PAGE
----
Millions of people play golf every year, and in 2011 Golf Courses gained $22 billion dollars in revenue. This statistic combined with golf’s inherent place in the natural environment lead to questions of value and development for golf course owners. In 1991, The Audubon Society created their Cooperative Sanctuary Program for Golf Courses (ACSP) to promote environmentally sustainable practices for golf courses and to recognize the courses that are the most environmentally in both the United States and around the world.
This paper builds off of prior research that connects golf course beauty with revenue by examining the effects of membership in the ACSP and greens fees for top golf courses in the United States. The sample of 208 golf courses was selected by using Golf Digest’s top 100 courses, top 100 public courses, and remaining top courses in each state.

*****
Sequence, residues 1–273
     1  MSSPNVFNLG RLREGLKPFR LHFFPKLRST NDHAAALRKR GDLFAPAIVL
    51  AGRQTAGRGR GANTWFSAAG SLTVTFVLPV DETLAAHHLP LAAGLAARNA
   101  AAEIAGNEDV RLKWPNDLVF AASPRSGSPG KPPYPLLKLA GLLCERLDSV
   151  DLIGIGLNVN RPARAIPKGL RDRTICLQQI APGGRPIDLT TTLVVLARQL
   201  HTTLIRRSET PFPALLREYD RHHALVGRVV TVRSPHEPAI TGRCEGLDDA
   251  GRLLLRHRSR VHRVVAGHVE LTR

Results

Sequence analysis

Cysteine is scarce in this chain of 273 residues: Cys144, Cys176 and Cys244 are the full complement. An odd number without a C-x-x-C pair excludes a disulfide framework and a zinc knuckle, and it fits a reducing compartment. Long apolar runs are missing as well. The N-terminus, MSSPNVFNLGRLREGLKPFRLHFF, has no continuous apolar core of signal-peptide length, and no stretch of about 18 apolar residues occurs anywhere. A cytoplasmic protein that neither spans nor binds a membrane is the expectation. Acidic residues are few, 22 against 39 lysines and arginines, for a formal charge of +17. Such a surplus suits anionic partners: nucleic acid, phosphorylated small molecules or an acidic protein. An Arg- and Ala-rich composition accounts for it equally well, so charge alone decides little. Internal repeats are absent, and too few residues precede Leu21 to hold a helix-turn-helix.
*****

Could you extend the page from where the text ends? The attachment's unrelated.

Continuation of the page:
With price as the dependent variable it was regressed against a dummy variable for membership in the ACSP and other variables including location, whether the course is part of a resort, whether the course has or regularly hosts professional golf tournaments, and the age of the course. The results indicated a statistically significant relationship between price and the ACSP, as well as being a resort and hosting professional golf. The study exemplifies that golf courses can be environmentally friendly, highly ranked, and charge a high price all at the same time.
"The Economics of the Audubon Society's Sanctuary Program for Golf Courses,"
Journal of Environmental and Resource Economics at Colby: Vol. 2
, Article 9.
Available at: http://digitalcommons.colby.edu/jerec/vol2/iss1/9
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